Speech to Bloomberg, 4 February 2015
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Let me thank Constantin and Bloomberg for hosting this event. And thanks to all of you for coming.
I want to talk today about the importance of building an economy that rewards hard work.
Why this is critical not only to enabling working people to earn their way to higher living standards;
But also to controlling welfare spending and public borrowing.
The current Conservative-led government has overspent on benefits and tax credits by tens of billions of pounds and failed to balance the books within the single parliament they promised.
This failure is a result of their fundamental failure to make work pay driving the up in-work benefit bill as well as undermining tax and national insurance revenues.
Most worryingly, the current government has no plans to turn this around in the next parliament.
But I haven’t come here today to be negative or pessimistic.
The message I bring is one of ambition and hope.
I want to talk about Labour’s plan to make work pay.
That means challenging low pay and insecurity, while helping businesses create more of the secure, well-paid and productive jobs we need.
And I want to talk about the role of a Labour Department for Work and Pensions in supporting our plan to make work pay, turning our social security system into a springboard to more secure, well paid, high-skilled work so that it reinforces the action we will be taking across government to support investment and productivity throughout our economy.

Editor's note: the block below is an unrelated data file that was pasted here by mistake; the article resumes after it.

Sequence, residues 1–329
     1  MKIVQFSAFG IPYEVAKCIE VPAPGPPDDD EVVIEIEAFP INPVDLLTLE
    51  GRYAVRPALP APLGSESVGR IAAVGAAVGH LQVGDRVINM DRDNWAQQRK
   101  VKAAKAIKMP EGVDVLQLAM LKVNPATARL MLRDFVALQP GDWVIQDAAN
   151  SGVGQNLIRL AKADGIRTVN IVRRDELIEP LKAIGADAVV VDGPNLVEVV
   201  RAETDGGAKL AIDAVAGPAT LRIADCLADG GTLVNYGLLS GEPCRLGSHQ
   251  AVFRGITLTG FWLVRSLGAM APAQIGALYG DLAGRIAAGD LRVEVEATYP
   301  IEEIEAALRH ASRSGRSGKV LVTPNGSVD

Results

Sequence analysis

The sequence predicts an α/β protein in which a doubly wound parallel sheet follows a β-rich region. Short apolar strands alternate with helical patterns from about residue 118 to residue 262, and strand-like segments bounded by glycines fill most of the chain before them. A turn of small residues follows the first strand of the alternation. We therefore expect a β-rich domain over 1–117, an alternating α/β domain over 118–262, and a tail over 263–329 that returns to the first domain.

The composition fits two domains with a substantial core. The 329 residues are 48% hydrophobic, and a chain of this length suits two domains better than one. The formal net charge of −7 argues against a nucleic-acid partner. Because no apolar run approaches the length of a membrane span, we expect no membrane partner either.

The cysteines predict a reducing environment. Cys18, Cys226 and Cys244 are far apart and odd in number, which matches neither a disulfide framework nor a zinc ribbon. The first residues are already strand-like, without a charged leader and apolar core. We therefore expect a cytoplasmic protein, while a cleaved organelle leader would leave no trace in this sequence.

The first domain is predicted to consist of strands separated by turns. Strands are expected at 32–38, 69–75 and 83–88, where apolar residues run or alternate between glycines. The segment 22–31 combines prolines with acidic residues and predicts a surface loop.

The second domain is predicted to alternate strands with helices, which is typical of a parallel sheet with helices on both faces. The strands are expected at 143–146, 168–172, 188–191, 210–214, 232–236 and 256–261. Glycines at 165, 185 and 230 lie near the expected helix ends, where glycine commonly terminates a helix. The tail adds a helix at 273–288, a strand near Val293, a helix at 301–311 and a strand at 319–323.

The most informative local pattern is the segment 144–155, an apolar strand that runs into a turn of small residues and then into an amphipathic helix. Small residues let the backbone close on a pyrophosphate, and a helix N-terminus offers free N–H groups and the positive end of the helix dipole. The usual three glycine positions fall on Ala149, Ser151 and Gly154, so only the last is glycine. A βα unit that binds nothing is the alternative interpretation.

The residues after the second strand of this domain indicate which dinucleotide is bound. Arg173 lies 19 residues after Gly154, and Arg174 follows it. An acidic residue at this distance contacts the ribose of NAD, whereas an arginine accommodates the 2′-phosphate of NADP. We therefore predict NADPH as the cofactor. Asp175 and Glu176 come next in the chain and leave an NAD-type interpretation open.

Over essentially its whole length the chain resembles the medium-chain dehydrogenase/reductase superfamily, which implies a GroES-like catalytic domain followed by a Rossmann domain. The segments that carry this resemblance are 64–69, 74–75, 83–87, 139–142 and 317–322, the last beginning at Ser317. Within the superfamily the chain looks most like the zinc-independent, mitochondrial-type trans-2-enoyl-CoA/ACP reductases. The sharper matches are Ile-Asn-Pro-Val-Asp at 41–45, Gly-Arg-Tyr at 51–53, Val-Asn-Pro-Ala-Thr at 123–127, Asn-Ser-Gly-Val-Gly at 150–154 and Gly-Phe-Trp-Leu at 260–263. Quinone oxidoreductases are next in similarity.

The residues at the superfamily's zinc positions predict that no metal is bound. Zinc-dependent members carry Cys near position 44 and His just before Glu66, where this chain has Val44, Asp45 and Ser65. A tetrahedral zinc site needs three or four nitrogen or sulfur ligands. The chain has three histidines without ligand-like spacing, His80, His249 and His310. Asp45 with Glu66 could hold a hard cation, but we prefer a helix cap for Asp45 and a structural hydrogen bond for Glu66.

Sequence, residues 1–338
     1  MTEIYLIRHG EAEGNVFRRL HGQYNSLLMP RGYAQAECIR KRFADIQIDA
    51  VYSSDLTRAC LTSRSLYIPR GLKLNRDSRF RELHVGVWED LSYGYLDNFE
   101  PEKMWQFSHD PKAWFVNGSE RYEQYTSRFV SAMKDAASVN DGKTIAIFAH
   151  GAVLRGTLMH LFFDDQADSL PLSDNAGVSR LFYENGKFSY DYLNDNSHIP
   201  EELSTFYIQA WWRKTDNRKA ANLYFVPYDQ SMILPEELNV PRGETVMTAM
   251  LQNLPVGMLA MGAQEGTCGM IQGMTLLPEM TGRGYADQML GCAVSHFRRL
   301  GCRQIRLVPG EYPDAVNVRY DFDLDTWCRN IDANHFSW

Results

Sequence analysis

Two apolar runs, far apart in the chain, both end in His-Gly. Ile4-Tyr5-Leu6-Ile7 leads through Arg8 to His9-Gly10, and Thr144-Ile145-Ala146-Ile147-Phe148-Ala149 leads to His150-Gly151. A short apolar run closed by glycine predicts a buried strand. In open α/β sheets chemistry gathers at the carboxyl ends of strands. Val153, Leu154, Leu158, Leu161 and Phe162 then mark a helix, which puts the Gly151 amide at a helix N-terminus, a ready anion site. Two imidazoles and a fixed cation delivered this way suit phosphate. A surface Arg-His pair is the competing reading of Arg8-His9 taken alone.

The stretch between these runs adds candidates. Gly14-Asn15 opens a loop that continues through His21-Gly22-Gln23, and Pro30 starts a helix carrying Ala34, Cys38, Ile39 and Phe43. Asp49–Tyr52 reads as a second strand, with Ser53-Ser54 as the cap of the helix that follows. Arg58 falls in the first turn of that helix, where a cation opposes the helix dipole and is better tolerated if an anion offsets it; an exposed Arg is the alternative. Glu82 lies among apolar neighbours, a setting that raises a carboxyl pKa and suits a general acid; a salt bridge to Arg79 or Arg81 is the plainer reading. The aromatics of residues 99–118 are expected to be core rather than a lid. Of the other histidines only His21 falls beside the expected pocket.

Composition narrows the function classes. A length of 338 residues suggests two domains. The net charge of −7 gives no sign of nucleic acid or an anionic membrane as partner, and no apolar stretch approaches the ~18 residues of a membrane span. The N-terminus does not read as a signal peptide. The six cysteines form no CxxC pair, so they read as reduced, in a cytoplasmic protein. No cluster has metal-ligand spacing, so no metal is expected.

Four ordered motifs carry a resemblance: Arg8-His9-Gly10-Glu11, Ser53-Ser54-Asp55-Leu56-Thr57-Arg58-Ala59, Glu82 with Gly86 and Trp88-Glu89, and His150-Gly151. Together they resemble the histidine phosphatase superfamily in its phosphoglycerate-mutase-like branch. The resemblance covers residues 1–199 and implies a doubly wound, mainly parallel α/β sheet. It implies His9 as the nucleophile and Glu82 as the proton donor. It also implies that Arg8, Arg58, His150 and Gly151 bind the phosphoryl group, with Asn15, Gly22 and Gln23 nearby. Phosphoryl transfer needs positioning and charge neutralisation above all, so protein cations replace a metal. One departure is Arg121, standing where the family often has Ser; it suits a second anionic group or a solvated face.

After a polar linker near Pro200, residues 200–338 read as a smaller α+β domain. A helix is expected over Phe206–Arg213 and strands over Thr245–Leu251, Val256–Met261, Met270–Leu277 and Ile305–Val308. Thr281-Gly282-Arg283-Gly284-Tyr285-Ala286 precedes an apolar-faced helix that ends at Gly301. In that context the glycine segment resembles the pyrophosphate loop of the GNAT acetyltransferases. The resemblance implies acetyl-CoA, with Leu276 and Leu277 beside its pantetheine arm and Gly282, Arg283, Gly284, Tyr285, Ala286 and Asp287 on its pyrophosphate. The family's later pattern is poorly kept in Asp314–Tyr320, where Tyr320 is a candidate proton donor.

In real terms British workers are now paid, on average, over £1,600 a year less than they were in 2010. And the number earning less than a living wage has rocketed from 3.4 million in 2009 to 4.9 million according to the latest available figures.
Even as growth has returned to our economy, these trends show little sign of abating.
Analysis of the latest figures I commissioned from the House of Commons library show that although industries classed as “low paying” by the Low Pay Commission made up a third of employee jobs in June 2010 they have accounted for more than half of net employment growth since then.
And three fifths of those who moved from unemployment into work in the last year earn less than the living wage.
And figures from the Resolution Foundation show that the majority are likely to be stuck on low pay for years on end with only 1 in 4 people definitively escaping low pay even after ten years.
Meanwhile on the Office for Budget Responsibility’s best projections it will be 2018 before average wages regain the ground they have lost since 2010.
The government’s failure to make work pay has meant they have struggled to keep social security spending under control.
Last week the IFS confirmed that for all David Cameron and George Osborne’s rhetoric social security spending will be no lower next year than it was when David Cameron took office.
This is despite measures such as the “bedroom tax” which takes Housing Benefit from disabled people with nowhere to move to, as well as reductions and restrictions to tax credits, that had a huge impact on the incomes of millions of working families.